There's no recipe, either.  Just from her head, something her mother would make.  There are only three ingredients - clarified butter (ghee?), sifted confectioner's flour, and sifted powdered sugar.  The butter is liquid-ish and room temperature.  1 part butter to 2 parts flour and 2 parts sugar by volume.  The ingredients get mixed until sticky, then chilled in the refrigerator for 20 minutes.  The dough is rolled into balls, then flattened into a cookie with a thumbprint in the middle.   Bake at 350 degrees for 15 minutes maximum.  The cookies come out white and falling-apart tender.  The depression in the middle of the cookie can be used for raspberry jam, a whole pecan, a dot of honey, or anything else.  I like a slice of fresh strawberry on mine.    

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  • 1 month later...

Just getting back to this thread.  About the time you were all posting, I had a bug infestation crisis going on!


Lovely bread Ivy!  I love the presentation in that basket with the cloth!  I love this lasagna idea and the dijon on pizza.  15lbs of turnips?  LOL~!


This cookie recipe is interesting awkward-yet-sweet.  I like the idea of putting a fruit filling on it!  I made blueberry scones a couple days ago.  They are just so much better with the tart blueberries from my yard, but I'll have to wait another 6 months for that.

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On 1/15/2023 at 9:35 PM, awkward-yet-sweet said:

Maybe a simple dessert for funeral receptions? 


Ah, that reminds me of my favorite (dark humor?) Minnesota/Scandinavian food joke...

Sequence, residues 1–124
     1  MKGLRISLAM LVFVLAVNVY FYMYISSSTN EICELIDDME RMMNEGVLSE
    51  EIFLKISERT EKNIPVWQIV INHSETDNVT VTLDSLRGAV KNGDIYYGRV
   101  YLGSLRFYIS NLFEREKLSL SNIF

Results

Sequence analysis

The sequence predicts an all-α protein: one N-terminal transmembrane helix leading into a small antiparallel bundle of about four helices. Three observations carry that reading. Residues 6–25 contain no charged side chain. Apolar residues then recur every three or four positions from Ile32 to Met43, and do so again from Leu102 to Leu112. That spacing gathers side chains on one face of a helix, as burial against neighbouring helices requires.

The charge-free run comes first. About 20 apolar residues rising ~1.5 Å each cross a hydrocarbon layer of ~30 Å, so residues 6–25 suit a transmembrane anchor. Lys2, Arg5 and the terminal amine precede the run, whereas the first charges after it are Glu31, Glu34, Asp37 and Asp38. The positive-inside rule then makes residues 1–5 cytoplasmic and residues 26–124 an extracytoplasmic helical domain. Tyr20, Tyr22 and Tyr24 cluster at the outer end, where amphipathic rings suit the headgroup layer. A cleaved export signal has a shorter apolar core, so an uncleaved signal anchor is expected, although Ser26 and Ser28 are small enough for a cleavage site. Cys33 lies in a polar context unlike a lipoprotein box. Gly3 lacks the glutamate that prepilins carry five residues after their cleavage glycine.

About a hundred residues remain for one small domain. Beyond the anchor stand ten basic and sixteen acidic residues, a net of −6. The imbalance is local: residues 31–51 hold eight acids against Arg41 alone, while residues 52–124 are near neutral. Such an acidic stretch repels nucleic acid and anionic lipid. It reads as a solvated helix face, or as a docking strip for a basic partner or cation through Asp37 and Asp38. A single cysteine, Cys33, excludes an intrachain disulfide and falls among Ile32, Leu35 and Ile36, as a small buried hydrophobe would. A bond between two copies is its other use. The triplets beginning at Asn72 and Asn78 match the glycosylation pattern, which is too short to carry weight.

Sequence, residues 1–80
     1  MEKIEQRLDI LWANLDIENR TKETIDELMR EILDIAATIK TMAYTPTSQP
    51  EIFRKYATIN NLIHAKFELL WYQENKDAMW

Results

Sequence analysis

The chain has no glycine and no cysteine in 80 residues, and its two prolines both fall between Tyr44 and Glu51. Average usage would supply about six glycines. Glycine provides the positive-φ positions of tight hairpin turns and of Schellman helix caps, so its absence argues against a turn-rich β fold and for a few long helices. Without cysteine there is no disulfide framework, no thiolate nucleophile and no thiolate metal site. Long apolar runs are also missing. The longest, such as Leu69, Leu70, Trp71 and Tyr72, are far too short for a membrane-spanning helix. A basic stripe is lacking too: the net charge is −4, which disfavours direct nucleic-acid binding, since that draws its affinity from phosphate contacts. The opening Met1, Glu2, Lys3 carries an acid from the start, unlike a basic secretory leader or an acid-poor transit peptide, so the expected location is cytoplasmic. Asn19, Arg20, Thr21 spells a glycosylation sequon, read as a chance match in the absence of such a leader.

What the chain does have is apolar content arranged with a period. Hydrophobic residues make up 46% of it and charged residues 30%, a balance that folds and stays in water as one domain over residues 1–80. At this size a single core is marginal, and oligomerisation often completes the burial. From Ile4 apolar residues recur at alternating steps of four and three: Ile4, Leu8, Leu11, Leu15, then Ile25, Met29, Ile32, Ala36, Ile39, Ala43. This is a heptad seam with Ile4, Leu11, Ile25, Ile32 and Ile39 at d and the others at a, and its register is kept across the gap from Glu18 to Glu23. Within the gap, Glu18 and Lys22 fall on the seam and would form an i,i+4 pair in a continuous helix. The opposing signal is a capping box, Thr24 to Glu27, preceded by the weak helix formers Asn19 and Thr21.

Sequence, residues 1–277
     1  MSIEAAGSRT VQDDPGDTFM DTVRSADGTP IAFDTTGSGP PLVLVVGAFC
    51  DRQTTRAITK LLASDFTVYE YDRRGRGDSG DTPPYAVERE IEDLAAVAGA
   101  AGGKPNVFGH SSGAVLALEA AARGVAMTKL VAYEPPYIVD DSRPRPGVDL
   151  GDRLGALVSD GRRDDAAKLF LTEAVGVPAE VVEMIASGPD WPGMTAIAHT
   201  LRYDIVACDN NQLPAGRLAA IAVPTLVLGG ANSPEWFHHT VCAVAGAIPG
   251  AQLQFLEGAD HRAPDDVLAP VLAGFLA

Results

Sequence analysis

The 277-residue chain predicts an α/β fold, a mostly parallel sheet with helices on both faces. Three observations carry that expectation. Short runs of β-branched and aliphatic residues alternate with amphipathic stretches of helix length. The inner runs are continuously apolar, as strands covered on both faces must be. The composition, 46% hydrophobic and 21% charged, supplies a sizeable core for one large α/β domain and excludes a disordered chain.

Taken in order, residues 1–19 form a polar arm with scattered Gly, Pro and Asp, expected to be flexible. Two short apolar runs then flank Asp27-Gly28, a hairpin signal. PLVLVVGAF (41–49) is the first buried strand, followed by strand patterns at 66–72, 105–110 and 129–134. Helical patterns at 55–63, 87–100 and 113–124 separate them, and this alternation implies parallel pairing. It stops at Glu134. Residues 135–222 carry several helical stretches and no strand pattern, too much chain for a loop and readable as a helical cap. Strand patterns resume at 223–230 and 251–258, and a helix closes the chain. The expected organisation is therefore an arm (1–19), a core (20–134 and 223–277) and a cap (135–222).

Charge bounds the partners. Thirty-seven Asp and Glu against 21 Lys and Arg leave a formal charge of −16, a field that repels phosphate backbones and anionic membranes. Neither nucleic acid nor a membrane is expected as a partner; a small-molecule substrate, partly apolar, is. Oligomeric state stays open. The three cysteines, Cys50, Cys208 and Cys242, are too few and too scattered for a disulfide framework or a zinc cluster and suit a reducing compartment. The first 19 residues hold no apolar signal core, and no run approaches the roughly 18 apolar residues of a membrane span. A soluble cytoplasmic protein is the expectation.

Ole was not long for this world, lying on the sofa to rest, when he weakly lifted an arm and reached

for a cookie from a plate piled high with them that his wife Lena had just baked and put out. 

Lena spied him reaching for the cookie and immediately barked out, "Ole!! Put that cookie down! Those

are for your funeral!!!" 


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1 hour ago, Lydia_R said:

I made blueberry scones a couple days ago


Yum!  This week I did a fruit crisp with a filling of blueberries,, a little cornstarch, combined with the zest and juice of one fresh lemon.  Lemon and blueberries work well together!  And that crisp has already gone....poof!  



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@Astrid That seems like a variant of a "Sven and Ole" joke.  Funny stuff.  One of my partners is half Finnish by way of Argentina, and there's apparently a great deal of ribbing that goes on between Swedes, Finns, Norwegians, and Germans. 


Since each of my partners has a different cultural background, sometimes our meals can be an interesting mix. Some of the things we end up eating are totally unique, but really good.  Usually totally without a recipe.  Tonight's dinner menu was the result of my Russian GF and my Mexican partner cooking together: